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Review: Air - Part Three


Air Part Three is the third episode in Season One of Stargate Universe.

Review
An episode of contrasts, Air Part Three continues to focus on the renewed vision of Stargate as a tale of every day humans out in the universe dealing with real problems while on the other hand taking a much more serious take on the Stargate universe itself. Good and bad in parts, the overall effect of Air Part Three is to produce something visually wonderful, intriguing and thought-provoking but which isn’t very captivating at times.

Let’s start with the very bad. The pacing of this third part of the story was horrendous particularly through the second and the beginning of the third act. It was so slow that at times it felt like it was walking through molasses. As a result, my attention wandered away and yet at the end I couldn’t help feeling that I had missed something of import and had to go back and force myself to sit through the bits where I had drifted. What I missed wasn’t very much as it turned out but still, given the overall more character driven nature, I wondered if these nuggets would somehow be of import going forward.

The plotting was a large part of the problem with the pacing. On one hand, I applaud the decision to continue showing the impact of the Senator’s death. Too often in previous incarnations of Stargate, the characters reeled from the loss of a loved one in one episode only to be perky and bright the following week as though nothing had happened. That didn’t happen here: kudos. BUT. And it is a big but, there isn’t any forward momentum; no originality in the scenes with Chloe’s mother who is a caricature at best and a cliché at worst. The one note of interest – Mrs Armstrong’s threat to tell the world about the Stargate programme may have had more impact if she had been threatening Young or O’Neill or even a franchise character like Major Davis rather than the non-descript and bland Major Green (and seriously, some reaction from the actor rather than polite disinterest would have been nice).

All in all I would have preferred to have stayed with Young and O’Neill. The scene between the military command was solidly done but incredibly brief. I wanted more. If Richard Dean Anderson is making time to play Jack O’Neill in Stargate Universe then – for crying out loud – make the most of him. While I don’t expect him to take the lion’s share of the screen time, there was certainly potential for the story to have expanded his role here to have included much more in terms of mentoring Young; dealing with Telford after his sojourn to the Destiny; consoling and/or advising Chloe. An interesting sub-plot could have been constructed around Jack and the Earth-side visit that might have offset the tedium of the main plot.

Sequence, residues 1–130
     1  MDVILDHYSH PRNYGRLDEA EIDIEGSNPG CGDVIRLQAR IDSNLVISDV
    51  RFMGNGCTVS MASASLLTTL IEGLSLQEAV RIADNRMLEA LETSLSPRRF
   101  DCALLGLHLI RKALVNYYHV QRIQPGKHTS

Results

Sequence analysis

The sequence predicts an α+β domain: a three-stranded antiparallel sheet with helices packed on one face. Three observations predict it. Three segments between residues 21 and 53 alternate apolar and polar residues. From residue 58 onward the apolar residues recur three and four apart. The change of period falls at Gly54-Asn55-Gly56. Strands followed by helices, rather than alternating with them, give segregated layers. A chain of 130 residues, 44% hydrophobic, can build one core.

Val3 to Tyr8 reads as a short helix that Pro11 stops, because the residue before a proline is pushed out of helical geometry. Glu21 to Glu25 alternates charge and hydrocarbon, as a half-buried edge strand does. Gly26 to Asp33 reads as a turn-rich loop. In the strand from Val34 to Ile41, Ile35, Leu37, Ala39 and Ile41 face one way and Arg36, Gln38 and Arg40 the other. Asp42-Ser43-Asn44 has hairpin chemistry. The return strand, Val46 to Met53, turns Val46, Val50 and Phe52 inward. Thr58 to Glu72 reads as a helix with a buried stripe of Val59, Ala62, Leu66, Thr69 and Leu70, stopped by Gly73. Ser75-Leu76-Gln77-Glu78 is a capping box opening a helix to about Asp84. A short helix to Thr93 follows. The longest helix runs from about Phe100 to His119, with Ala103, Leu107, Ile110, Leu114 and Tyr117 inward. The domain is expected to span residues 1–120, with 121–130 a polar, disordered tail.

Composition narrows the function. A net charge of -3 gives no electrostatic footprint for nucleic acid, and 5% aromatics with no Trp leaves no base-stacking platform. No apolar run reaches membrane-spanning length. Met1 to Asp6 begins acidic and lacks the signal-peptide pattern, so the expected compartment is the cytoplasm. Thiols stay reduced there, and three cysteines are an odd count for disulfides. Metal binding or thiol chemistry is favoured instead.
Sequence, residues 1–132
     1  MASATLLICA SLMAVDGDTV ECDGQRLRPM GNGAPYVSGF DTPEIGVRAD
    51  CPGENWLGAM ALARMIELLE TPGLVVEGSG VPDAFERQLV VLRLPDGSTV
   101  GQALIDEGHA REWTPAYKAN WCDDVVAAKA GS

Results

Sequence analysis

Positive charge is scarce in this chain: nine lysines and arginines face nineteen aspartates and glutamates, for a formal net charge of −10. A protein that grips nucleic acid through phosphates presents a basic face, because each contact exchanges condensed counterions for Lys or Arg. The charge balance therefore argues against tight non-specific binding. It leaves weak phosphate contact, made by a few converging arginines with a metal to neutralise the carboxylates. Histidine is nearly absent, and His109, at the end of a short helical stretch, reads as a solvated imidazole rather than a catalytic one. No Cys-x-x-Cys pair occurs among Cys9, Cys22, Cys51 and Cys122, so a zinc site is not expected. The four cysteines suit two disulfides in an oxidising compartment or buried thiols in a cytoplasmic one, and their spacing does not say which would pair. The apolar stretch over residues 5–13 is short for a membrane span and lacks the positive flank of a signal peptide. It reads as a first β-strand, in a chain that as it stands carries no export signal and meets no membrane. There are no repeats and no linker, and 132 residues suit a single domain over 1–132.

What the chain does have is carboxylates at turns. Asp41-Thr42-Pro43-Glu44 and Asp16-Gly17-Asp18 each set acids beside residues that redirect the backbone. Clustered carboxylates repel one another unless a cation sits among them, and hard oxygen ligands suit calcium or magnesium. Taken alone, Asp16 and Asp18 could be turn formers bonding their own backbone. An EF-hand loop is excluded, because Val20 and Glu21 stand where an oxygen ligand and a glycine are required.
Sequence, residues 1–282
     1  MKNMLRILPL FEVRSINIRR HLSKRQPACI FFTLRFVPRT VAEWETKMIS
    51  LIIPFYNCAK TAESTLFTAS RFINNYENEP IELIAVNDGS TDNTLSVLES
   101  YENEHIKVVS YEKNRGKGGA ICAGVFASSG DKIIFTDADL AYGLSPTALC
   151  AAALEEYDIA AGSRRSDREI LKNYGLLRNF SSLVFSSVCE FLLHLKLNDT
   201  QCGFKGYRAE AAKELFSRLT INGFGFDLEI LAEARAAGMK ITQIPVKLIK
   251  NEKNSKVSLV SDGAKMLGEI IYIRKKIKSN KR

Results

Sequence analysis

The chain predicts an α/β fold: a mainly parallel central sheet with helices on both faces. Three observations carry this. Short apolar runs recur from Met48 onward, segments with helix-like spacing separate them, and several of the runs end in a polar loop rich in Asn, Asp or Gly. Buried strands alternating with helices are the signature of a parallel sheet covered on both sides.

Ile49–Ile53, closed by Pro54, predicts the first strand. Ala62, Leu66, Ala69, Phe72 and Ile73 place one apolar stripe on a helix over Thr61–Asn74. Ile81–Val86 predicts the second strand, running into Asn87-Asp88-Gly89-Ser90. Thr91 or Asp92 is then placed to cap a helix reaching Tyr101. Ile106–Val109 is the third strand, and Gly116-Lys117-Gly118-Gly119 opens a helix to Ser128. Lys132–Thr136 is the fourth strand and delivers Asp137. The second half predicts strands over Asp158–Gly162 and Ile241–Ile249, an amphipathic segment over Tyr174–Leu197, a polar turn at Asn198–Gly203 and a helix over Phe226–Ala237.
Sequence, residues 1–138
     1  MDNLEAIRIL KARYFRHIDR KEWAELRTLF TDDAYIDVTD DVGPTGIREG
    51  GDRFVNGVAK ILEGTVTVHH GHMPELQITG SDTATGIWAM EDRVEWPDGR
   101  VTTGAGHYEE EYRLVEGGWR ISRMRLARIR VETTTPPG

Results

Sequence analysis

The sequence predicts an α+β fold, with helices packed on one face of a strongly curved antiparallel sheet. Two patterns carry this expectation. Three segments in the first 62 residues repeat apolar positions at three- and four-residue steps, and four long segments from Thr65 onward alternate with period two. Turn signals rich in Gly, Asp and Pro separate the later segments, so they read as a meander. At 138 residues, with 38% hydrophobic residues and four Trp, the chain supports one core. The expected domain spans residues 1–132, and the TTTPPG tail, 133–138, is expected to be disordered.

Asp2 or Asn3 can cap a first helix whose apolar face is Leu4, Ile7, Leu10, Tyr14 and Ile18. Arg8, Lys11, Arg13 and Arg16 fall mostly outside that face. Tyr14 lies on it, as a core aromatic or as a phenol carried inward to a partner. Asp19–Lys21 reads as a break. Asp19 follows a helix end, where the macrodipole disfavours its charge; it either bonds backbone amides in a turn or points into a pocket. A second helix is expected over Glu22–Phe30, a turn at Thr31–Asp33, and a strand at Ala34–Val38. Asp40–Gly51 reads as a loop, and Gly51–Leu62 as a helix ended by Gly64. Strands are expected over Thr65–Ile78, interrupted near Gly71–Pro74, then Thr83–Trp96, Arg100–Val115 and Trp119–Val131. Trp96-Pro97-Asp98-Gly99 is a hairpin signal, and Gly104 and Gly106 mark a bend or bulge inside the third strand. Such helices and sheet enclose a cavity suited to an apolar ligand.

And yes, the main plot is for the most part tedious. Revolving around the need to find a replacement for the carbon scrubbers in the Destiny, the bulk of the action – and I use that word loosely – takes place on the desert planet with lots of walking. The problem is that ultimately even when showing the characters’ reactions to walking on a desert planet trying to find a solution to their problem, ultimately all they’re doing is walking in a vast desert looking for stuff – and that’s just not very interesting.

However, once this part of the plot picked up it did get very interesting. I loved the flashback’s to Scott’s past; the back-story to the character was nicely slotted into the moments with the sand storm creature (and a thought-provoking ambiguity of whether it was a creature), and revealed lots of things about him that were semi-confirmed in his talk with Chloe later. I also enjoyed the Rush/Greer tension which plays on the old scientist versus military dynamic of old. I loved the fact that the other team planned a mutiny because they didn’t trust Rush. And I loved that the decision to show an equal display of strengths and flaws in these characters is continuing.

There were some good plot moments elsewhere: TJ drugging Telford to ensure Young’s body was given respect was fantastic – the character’s best moment to date (I am hoping the female characters do get more to do in terms of saving the day going forward). The end climax of the race to the ‘gate was fabulous from Greer acting on the SGC’s ultimate code to never to leave a man behind, Scott’s success with the getting the lime, Rush being proven right on so many things (despite his dislikability) including having Eli stick his hand in the puddle; just great. Dramatic, tense and stunning. It is underscored by some fantastic music that deserves high praise for enhancing that sequence completely. The contemporary music at the end seemed fitting if not my personal taste. The end shot of some kind of ship disengaging from the Destiny was very intriguing.

The other highlight in this episode for me was the beautiful cinematography in the desert sequences. It really gave the ‘other world’ effect that was needed and gave the episode a production polish worthy of a movie. The light on the planet was a great contrast to the continued dark of the Destiny and even the Homeworld Security interior.

As the third episode in a new series, I’m left a little torn. I love the idea of a character driven Stargate series yet I think this episode slips too much into focusing on the characters and their personal issues to the detriment of the plot. Indeed, one could ask what plot? This episode needed a strong sub-plot and that was missing. The production continues to be of a high quality including the performances, and I continue to be intrigued, but the series needs to find a better balance between character and plot going forward if it’s going to maintain pace and attention. Overall though, not a bad wrap-up to the beginning, and I'm looking forward to next week.

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